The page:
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Is Live Online Learning Better than Offline?

Coronavirus has helped propel the notion of live online learning firmly into the debate about how education and teaching will evolve in the coming decades. 


The sudden shutdown of schools and universities have necessitated the delivery of a virtual alternative to teaching, whether that’s a Zoom call where all the class participates or a live one-on-one session to provide a pupil with extra support and guidance.


However, even prior to the COVID-19 outbreak live online learning was becoming increasingly popular, ironically amongst academics who continued to teach physical, classroom-based lessons. 


A recent US study, for example, showed that 77% of teachers surveyed believed live online learning was equal or superior to physical teaching lessons, and a 2018 survey by Learning House found 85% of pupils agreed live online learning was either equal to, or better than, attending lessons in a physical setting.


But why is live online learning seen by many as the superior teaching model? The ultimate reason is almost immeasurable in terms of its benefits: live online learning severely reduces the stress and anxiety many pupils feel while learning in the physical presence of their tutor.


A recent Gallup study, for instance, showed those who participate in live online learning courses are twice as likely to have better mental wellbeing than their peers who continue to learn inside a classroom. This is attributed to the fact that live online learning offers students greater control over their own learning and allows them, ultimately, to work at their own pace. 


Further, live online learning content is considered by learners to be far more engaging than traditional classroom methods like the textbook. This has lead many to view online learning as a ‘double win’ in comparison to the classroom, as the convener hones their creative and digital skills - to bring ‘learning to life’ - and the students subsequently immerse themselves in new and varied teaching styles that allow them to see which type of learning suits them.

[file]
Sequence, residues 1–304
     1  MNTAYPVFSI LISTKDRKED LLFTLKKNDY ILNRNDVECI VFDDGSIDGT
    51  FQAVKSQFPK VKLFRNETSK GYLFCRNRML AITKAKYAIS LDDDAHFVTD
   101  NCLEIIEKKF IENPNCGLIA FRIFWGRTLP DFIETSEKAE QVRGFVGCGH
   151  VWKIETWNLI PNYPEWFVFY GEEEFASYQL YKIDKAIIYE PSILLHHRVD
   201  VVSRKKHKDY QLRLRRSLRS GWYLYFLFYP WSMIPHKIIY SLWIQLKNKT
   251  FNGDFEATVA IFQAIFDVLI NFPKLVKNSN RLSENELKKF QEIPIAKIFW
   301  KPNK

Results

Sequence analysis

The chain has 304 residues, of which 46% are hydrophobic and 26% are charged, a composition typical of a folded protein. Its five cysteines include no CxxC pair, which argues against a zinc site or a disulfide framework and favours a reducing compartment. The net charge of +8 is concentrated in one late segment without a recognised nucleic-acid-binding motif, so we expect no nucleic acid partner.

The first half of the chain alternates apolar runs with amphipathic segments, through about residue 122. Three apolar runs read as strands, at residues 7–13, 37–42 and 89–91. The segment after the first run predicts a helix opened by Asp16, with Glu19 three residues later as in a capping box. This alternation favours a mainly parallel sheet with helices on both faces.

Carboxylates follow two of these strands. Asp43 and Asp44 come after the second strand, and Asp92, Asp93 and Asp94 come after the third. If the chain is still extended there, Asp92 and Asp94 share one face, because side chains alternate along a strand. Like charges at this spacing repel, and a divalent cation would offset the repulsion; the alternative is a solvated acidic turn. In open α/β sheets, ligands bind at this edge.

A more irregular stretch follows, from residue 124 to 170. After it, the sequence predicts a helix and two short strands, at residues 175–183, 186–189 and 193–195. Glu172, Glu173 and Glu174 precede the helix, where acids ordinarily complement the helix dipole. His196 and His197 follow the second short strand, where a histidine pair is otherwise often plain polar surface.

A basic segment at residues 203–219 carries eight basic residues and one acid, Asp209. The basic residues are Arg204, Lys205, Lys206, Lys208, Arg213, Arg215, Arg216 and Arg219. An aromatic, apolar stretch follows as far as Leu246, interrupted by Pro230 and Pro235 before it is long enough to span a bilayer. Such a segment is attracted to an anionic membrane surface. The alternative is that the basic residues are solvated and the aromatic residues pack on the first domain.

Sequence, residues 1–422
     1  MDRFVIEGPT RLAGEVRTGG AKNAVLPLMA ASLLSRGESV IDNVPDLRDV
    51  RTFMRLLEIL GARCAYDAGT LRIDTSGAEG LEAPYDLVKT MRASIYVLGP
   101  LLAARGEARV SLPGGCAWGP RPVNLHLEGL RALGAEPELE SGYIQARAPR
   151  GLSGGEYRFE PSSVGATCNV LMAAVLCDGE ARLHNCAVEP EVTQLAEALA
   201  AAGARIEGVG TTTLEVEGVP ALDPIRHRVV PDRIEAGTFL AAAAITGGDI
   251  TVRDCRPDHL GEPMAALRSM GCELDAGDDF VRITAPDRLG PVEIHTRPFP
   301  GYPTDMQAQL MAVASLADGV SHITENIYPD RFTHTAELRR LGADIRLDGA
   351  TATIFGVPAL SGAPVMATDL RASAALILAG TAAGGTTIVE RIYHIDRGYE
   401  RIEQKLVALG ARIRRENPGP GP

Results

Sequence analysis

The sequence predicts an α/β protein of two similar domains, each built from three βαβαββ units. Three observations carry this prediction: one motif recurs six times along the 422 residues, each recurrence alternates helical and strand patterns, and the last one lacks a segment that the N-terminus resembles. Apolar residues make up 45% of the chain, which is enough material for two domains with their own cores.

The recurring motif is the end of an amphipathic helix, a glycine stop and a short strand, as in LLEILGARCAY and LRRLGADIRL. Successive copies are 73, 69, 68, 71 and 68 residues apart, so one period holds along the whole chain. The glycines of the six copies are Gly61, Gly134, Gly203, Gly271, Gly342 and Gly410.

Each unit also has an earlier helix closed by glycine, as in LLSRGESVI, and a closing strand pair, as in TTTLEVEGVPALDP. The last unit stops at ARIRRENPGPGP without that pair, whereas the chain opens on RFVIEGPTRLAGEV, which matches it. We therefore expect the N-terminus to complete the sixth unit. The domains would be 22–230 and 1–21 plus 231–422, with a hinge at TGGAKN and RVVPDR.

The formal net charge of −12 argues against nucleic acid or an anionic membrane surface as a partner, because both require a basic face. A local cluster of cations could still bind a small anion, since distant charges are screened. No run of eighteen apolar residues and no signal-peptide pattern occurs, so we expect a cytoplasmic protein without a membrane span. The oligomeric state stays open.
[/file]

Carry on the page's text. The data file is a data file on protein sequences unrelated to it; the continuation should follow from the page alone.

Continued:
Finally, other benefits of live online learning that have been identified by researchers is that more learning actually gets done, given it is far easier to reschedule lessons rather than ‘miss’ the physical classroom version - and Gallup themselves have concluded the lower likelihood of missing lessons contributes to improved retention metrics amongst pupils. 


In this time of working and learning from home, which will not dissipate any time soon, live online learning will continue to go from strength to strength. 


Yet even prior to the sudden changes caused by coronavirus, many distinguished academics have argued the benefits, and superiority, of this model. Likewise, 8Billionminds - since its inception - has always been committed to delivering live online learning sessions for these very reasons, in addition to the fact it feels nobody should be excluded from learning something new due to insufficient funds. 


If you haven’t yet tried live online learning yet, perhaps you ought to - and see for yourself what benefits you may be missing.